On March 28, 2017, Congress passed legislation (S.J. Res. 34) that rolled back privacy regulations recently adopted by the Federal Communications Commission. The resolution passed the Senate by a vote of 50-48 and the House by a voted of 215 to 205. This is one of several sets of regulations Congress is rolling back under the authority of the Congressional Review Act of 1996. Under this statute, Congress can nullify administrative regulations by simply passing a joint resolution of disapproval.
On December 2, 2016, the FCC adopted a set of regulations entitled “Protecting the Privacy of Customers of Broadband and Other Telecommunications Services” (81 Fed. Reg. 87274 (December 2, 2016)). As noted in the Federal Register noted, these rules focused “on transparency, choice, and data security, and provides heightened protection for sensitive customer information, consistent with customer expectations.” Specifically,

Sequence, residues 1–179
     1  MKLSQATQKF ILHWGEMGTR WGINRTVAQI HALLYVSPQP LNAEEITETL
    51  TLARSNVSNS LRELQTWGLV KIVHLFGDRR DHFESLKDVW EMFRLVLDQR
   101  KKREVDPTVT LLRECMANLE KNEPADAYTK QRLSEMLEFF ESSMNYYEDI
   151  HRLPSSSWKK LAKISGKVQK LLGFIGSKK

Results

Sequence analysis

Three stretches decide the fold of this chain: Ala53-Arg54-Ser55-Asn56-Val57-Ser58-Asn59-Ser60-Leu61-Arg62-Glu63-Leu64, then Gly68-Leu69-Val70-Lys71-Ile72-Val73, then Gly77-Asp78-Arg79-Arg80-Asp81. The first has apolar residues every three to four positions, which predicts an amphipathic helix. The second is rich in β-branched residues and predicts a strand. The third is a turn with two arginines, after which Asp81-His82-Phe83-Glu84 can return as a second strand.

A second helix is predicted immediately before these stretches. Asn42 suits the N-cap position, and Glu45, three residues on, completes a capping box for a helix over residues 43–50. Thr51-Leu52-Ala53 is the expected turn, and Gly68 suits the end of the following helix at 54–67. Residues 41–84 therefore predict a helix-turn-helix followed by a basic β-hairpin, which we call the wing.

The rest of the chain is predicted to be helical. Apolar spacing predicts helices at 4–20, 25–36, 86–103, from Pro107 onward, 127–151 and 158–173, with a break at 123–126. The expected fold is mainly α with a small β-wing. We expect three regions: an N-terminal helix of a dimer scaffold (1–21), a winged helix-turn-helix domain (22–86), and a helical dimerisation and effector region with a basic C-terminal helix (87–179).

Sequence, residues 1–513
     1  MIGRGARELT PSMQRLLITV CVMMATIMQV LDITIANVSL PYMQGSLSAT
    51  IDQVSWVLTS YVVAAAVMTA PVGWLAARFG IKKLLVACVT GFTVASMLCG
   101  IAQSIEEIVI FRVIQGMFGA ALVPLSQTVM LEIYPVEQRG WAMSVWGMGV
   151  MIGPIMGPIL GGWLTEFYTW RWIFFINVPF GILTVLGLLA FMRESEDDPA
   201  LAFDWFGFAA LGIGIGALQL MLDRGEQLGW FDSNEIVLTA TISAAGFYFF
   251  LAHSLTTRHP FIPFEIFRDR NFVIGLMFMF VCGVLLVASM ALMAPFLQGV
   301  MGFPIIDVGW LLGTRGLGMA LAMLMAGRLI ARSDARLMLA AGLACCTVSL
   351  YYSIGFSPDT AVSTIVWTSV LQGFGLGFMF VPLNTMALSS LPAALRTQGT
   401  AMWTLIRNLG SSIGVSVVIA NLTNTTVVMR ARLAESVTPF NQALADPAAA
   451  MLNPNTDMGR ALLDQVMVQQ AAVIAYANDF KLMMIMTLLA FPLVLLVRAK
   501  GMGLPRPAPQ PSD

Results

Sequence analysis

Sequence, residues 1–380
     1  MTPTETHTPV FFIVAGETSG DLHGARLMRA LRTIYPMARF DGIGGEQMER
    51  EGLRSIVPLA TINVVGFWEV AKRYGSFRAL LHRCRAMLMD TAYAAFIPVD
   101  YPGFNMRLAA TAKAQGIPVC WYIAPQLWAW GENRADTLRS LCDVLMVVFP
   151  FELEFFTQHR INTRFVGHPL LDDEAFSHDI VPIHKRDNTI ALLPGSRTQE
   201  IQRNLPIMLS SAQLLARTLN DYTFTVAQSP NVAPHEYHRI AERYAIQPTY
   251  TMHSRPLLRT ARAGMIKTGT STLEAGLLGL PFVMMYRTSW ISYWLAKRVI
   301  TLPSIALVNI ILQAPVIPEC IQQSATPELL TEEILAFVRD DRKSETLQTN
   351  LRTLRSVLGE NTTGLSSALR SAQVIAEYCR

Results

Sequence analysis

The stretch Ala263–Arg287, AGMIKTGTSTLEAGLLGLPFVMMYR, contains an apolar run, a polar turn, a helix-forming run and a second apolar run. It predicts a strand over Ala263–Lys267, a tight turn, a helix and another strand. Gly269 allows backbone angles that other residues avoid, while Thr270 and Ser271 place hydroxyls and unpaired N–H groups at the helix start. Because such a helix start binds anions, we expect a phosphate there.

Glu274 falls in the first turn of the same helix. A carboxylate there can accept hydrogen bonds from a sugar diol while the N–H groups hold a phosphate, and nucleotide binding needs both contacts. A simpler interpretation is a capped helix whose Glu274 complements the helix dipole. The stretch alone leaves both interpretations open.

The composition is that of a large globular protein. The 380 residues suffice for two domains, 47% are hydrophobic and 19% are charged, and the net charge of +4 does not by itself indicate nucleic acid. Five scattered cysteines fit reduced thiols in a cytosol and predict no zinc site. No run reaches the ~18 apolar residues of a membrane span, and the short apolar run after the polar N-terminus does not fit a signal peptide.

[t]he rules require[d] carriers to provide privacy notices that clearly and accurately inform customers; obtain opt-in or opt-out customer approval to use and share sensitive or non-sensitive customer proprietary information, respectively; take reasonable measures to secure customer proprietary information; provide notification to customers, the Commission, and law enforcement in the event of data breaches that could result in harm; not condition provision of service on the surrender of privacy rights; and provide heightened notice and obtain affirmative consent when offering financial incentives in exchange for the right to use a customer’s confidential information.
This resolution was supported by the telecommunications industry citing the cost of implementing the regulations which had not yet gone into effect. However, it was strongly opposed by privacy and consumer protection groups on the basis that it permits telecommunications companies to collect and sell consumer information, sometimes without the consumer’s knowledge. The White House supports the measure and President Trump is expected to sign it.